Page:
We recommend you to read the LIME chapter in Christoph Molnar’s excellent book on Model Interpretation which talks about this in detail.

Explaining Model Predictions with Skater using LIME

Skater can leverage LIME to explain model predictions. Typically, its LimeTabularExplainer class helps in explaining predictions on tabular (i.e. matrix) data. For numerical features, it perturbs them by sampling from a Normal(0,1) and doing the inverse operation of mean-centering and scaling, according to the means and stds in the training data. For categorical features, it perturbs by sampling according to the training distribution, and making a binary feature that is 1 when the value is the same as the instance being explained. The explain_instance() function generates explanations for a prediction. First, we generate neighborhood data by randomly perturbing features from the instance. We then learn locally weighted linear (surrogate) models on this neighborhood data to explain each of the classes in an interpretable way.

Since XGBoost has some issues with feature name ordering when building models with dataframes, we will build our same model with numpy arrays to make LIME work without additional hassles of feature re-ordering. Remember the model being built is the same ensemble model which we treat as our black box machine learning model.

XGBClassifier(base_score=0.5, booster='gbtree', colsample_bylevel=1,
colsample_bytree=1, gamma=0, learning_rate=0.1,
max_delta_step=0, max_depth=5, min_child_weight=1,
missing=None, n_estimators=500, n_jobs=1,
nthread=None, objective='binary:logistic',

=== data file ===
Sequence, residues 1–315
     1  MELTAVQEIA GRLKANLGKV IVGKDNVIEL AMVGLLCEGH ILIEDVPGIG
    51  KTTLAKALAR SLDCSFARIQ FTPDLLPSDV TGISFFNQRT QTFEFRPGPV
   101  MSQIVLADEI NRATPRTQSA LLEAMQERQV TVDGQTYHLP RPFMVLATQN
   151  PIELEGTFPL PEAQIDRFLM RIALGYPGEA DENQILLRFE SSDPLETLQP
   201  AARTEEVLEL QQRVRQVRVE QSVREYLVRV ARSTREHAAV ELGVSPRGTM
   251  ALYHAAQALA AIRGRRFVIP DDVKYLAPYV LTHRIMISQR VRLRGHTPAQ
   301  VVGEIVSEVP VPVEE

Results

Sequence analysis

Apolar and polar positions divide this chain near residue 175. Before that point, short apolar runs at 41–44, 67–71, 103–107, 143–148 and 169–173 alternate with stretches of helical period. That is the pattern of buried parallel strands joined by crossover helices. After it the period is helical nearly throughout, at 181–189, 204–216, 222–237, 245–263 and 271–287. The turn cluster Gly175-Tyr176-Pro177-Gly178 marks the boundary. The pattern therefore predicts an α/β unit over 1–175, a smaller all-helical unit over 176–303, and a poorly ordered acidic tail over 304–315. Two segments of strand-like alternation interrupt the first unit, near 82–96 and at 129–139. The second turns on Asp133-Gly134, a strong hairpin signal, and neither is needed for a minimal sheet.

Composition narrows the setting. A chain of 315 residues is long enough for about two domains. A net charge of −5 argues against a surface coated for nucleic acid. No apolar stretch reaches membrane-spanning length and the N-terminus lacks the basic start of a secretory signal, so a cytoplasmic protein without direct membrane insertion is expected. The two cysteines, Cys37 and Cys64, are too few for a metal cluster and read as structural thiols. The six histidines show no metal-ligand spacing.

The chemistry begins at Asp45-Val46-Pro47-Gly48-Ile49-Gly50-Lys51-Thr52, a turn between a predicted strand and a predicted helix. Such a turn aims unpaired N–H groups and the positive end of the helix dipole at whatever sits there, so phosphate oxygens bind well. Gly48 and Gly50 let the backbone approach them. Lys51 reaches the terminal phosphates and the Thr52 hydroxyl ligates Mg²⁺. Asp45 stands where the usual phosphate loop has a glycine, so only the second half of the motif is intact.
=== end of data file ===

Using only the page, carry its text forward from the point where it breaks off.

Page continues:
random_state=42, reg_alpha=0, reg_lambda=1,
scale_pos_weight=1, seed=None, silent=True,
subsample=1)

Predicting when a person’s income <= $50K

Skater gives a nice reasoning below showing which features were the most influential in the model taking the correct decision of predicting the person’s income as below $50K.

Local interpretations with LIME in Skater

Predicting when a person’s income > $50K

Skater gives a nice reasoning below showing which features were the most influential in the model taking the correct decision of predicting the person’s income as above $50K.

Local interpretations with LIME in Skater

Path to more interpretable models with Tree Surrogates using Skater

We have see various ways to interpret machine learning models with features, dependence plots and even LIME. But can we build an approximation or a surrogate model which is more interpretable from a really complex black box model like our XGBoost model having hundreds of decision trees?

Here in, we introduce the novel idea of using TreeSurrogates as means for explaining a model’s learned decision policies (for inductive learning tasks), which is inspired by the work of Mark W. Craven described as the TREPAN algorithm.

We recommend checking out the following excellent papers on the TREPAN algorithm to build surrogate trees.

Briefly, Trepan constructs a decision tree in a best-first manner. It maintains a queue of leaves which are expanded into subtrees as they are removed from the queue. With each node in the queue, Trepan stores,

  • A subset of the training examples,
  • Another set of instances (query instances),
  • A set of constraints.